Yesterday, I posted a blog to celebrate Dr Miriam-Rose Ungunmerr-Baumann, Senior Australian of the Year 2021. I mentioned that I had visited Miriam-Rose’s Aboriginal community of Nauiyu on the Daly River in the Northern Territory. I did so, along with 17 others (adults and children), as part of an amazing Cultural Tour organised by Pip Gordon and Nicole Kinnaird in May 2015. Here are two blog postings I wrote on my website Sharing Culture just after my visit.
‘The People of Nauiyu
I fell in love with Nauiyu and its people. The people I met were just so warm-hearted.
Miriam Rose is a remarkable spirit-filled woman who cares wholeheartedly about her community. It was a great pleasure to sit and yarn with her. I will always treasure the painting she gave me as a farewell gift.
The two other Elders we spent a good deal of time with, Agnes and Bridget, are very special. They performed, with Miriam Rose, the Welcome to Country we experienced. It was wonderful listening to Miriam’s husband Ken—he is a treasure trove of information and stories about the country.
And there were so many other people with whom I enjoyed spending time. I’m terrible with names, but they know who they are. Two of the people I will never forget are Miriam’s nephew Troy (a brilliant artist) and Dylan (of the film ‘Australia’ fame, and a talented musician).
Time slowed right down in Nauiyu, which was really great! I found myself reflecting a lot. And I found a peace, which I had not felt in a long time.
The ceremonial dance the young boys performed for us was really special. And it was great fun trying to do the dance, hearing the women behind us laughing loudly (mainly at me). When I saw them afterwards and said, ‘So you thought that was funny, eh?’, they all burst out laughing.
There were lots of other highlights during our time in Nauiyu. Visiting the school and purchasing the pupils’ paintings. Visiting the church and seeing so many examples of Miriam’s artistic talents.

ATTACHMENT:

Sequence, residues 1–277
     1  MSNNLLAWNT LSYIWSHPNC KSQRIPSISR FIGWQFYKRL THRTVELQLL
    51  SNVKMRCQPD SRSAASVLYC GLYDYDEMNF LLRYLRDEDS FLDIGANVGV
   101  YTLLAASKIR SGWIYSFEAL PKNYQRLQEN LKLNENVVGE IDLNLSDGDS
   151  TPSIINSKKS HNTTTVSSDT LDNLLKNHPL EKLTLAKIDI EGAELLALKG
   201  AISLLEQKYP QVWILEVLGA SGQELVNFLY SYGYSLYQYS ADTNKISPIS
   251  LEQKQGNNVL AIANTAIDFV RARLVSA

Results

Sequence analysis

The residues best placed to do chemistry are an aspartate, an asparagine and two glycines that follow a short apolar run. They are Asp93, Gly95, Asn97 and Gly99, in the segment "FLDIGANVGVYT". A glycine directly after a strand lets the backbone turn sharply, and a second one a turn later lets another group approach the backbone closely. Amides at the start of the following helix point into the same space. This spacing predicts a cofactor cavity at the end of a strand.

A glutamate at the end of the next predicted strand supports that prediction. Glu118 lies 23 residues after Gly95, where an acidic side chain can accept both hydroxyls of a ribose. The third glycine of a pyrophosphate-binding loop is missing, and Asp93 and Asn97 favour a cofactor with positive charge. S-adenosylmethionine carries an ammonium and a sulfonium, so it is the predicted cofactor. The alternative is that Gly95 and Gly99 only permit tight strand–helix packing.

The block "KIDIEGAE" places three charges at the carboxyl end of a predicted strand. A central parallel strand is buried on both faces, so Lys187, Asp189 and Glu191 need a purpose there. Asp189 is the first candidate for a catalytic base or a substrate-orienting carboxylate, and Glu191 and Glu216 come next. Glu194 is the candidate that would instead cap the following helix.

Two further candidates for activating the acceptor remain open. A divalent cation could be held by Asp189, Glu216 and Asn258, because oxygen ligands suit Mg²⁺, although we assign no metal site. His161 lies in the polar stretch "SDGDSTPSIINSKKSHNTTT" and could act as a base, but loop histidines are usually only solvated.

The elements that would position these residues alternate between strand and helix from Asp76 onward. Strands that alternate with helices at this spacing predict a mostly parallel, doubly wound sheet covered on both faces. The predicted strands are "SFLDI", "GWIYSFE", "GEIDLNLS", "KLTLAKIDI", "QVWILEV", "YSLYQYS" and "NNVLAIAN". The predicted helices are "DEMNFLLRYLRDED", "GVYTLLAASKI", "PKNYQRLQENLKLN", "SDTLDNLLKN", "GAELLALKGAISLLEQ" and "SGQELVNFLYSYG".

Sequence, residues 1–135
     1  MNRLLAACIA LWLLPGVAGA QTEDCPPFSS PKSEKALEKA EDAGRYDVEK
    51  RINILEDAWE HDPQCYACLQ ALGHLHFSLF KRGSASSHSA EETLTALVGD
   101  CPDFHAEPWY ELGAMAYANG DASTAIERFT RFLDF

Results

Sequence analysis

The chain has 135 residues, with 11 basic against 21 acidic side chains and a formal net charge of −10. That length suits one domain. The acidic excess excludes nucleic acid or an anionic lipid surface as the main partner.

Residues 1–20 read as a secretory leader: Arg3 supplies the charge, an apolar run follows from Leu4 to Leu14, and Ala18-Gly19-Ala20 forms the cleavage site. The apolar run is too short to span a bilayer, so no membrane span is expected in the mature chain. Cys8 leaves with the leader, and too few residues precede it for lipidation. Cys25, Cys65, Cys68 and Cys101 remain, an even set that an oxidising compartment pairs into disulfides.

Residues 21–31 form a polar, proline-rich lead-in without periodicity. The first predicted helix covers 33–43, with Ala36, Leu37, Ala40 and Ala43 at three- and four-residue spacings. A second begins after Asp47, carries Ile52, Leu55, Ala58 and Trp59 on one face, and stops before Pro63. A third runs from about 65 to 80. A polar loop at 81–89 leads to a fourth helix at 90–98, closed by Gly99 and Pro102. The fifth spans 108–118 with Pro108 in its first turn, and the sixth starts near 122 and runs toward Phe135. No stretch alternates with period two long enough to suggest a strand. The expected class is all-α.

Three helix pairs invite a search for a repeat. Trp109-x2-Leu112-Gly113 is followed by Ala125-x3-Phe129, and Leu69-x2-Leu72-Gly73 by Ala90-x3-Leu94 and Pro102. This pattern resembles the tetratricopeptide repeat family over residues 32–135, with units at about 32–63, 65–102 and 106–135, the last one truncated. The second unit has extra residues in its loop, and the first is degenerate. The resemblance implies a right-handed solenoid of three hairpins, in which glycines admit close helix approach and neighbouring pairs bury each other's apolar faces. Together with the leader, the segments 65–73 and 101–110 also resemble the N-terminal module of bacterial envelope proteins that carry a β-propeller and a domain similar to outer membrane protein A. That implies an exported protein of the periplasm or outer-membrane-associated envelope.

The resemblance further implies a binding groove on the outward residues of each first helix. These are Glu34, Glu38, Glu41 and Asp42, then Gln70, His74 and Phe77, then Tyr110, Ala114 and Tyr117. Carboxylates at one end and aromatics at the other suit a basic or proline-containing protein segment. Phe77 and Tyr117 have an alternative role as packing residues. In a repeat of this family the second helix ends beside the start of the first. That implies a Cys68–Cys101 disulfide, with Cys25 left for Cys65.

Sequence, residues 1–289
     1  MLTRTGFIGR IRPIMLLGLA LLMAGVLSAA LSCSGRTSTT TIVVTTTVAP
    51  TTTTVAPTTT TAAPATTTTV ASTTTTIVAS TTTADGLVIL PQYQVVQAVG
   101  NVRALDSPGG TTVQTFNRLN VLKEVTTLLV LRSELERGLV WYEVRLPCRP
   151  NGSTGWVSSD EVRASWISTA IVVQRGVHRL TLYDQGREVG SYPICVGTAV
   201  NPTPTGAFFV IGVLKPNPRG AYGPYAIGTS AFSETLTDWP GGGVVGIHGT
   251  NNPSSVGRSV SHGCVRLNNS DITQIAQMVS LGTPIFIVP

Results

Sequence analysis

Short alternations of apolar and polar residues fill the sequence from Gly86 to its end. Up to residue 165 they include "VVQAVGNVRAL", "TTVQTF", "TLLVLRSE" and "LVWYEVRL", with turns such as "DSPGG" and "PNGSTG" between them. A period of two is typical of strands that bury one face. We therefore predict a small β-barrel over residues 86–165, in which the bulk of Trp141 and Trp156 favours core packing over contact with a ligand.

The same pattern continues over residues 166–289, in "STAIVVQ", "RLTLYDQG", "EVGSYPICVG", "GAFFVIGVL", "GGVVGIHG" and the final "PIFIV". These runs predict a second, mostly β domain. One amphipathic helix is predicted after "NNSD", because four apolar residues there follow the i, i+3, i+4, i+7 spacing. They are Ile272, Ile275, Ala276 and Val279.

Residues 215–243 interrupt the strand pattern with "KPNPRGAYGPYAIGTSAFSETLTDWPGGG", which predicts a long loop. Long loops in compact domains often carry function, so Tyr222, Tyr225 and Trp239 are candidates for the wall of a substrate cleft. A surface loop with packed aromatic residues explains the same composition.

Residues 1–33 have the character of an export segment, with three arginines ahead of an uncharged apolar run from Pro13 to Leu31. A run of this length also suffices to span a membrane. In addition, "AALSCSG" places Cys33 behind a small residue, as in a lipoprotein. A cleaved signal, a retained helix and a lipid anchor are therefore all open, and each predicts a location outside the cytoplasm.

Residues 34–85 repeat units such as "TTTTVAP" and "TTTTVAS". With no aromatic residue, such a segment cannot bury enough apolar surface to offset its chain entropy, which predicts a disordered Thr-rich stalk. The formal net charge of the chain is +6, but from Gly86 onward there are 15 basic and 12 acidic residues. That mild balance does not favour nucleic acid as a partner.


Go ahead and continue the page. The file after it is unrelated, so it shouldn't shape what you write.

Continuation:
Watching game after game of football at the festival, seeing so many talented players and watching the vocal supporters of different communities. Laughing and joking with local youngsters, and watching them respond to their inspirational Kiwi football coach.
Watching the basketball. Visiting the Merrepen arts gallery. Yarning with the locals. And listening to the beautiful music of Larrakia man Ash Dargan, who visited us from Darwin, whether he was playing didgeridoo, flute (he had different types), drums or guitar.
I’d like to focus on all the positives, but I cannot ignore one very strong negative that permeates life in Nauiyu. The community has been badly affected by the 2007 Intervention, as well as changes produced by the state government, as Miriam and former Northern Territory chief minister Clare Martin describe on another page of this website.
The community has lost all rights to make decisions about itself. All power has been diverted to people outside the community. Jobs have all but disappeared, particularly in housing maintenance. The quality of workmanship has been reduced, since outsiders have been brought in to replace local workers. The store, fuel outlet and job services are run by outsiders. There are no opportunities for local young people. I could go on.
I feel sickened by the paternalistic and racist attitudes of the federal and state governments. And yet the people I spoke to did not express anger, despite the negative impact that the outside world is having on the community. They want things to change and they are doing the best they can to minimise adverse effects.